Buena Vista Pictures | Release Date: December 20, 1995 CRITIC SCORE DISTRIBUTION
Generally favorable reviews based on 22 Critics
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It's a superb, thoughtful drama that doesn't claim to be a documentary and shouldn't be judged as such. [22 Dec 1995, p.B]
Anthony Hopkins is a great actor and he gives a resourceful, inventive, compelling performance that holds our attention over three hours. It never convinces us that he is Nixon: he doesn't look much like him, and he misses entirely that incredible shiftiness in his public manner. But it somehow works. [20 Dec 1995, p.C1]
It's huge, brilliant, dark and cathartic, with a towering and complex performance by Anthony Hopkins that humanizes Nixon more than Nixon ever was able to humanize himself. [20 Dec 1995, p.33]
Stone does a masterly job of balancing two Nixons, the ruthless power-monger and the sadly vulnerable man, allowing each to flourish as a fully rounded screen figure. Yet here, as in many of his other movies, Stone pushes the envelope a little too far, allowing his own similarities to Nixon. [20 Dec 1995, p.14]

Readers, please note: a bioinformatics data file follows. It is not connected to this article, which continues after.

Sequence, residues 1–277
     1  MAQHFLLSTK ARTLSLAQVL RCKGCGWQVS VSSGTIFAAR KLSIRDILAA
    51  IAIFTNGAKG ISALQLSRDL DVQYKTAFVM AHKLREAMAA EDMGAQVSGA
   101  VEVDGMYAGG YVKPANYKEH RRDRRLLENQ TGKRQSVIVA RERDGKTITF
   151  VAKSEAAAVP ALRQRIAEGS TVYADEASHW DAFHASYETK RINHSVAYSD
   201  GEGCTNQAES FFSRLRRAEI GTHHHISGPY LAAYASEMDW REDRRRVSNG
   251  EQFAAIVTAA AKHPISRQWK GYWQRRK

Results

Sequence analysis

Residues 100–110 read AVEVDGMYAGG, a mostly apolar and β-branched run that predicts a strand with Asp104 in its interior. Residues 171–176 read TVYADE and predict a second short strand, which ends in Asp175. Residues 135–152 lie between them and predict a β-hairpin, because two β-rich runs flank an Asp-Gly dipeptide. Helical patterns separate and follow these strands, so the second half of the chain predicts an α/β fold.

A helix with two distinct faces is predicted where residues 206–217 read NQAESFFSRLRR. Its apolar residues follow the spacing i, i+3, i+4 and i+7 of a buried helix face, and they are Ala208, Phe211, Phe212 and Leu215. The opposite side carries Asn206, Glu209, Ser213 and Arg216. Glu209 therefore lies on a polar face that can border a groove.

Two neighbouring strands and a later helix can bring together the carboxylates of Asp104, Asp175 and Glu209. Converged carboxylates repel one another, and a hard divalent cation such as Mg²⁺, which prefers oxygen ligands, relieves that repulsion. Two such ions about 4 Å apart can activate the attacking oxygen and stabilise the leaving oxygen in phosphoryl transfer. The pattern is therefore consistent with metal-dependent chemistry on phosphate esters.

This three-hour opus, bearing only the eponymous title of Nixon, is an intriguing ramble through the social psychology of man and country alike. Indeed, the simple dialectics that both animated and marred Stone's earlier work are redeemed here precisely because they're invested in a single, complex personality - consequently, this film is more character-driven than any of its predecessors. [20 Dec 1995, p.C1]
Mr. Stone's compassion for his subject overwhelms his film's false moves. And the barrage of undramatized, undigested data gives way to a much tighter and more artful vision...the film starts snowballing its way to real dramatic power. [20 Dec 1995, p.C11]
Since Mr. Stone is a prisoner of his penchant for pop-psychologizing on a cosmic scale, his movie has the astounding effect of absolving President Nixon of personal guilt for his crimes and misdeeds without bothering to explain what he did wrong. [21 Dec 1995, p.A12]
Oliver Stone's Nixon humanizes a reviled but respected subject for over three hours - dynamically at times, but finally so solemnly that it becomes a grind-you-down dirge. The maker of Natural Born Killers actually concludes with the Mormon Tabernacle Choir singing Shenandoah - without irony. [20 Dec 1995, p.1D]
Satisfying as it is to at last have Nixon as a Disney character, Hopkins's overheated, self-consciously self-conscious performance doesn't get the overall nuttiness of Nixon's unctuous rage, his iron-butt single-mindedness. [26 Dec 1995]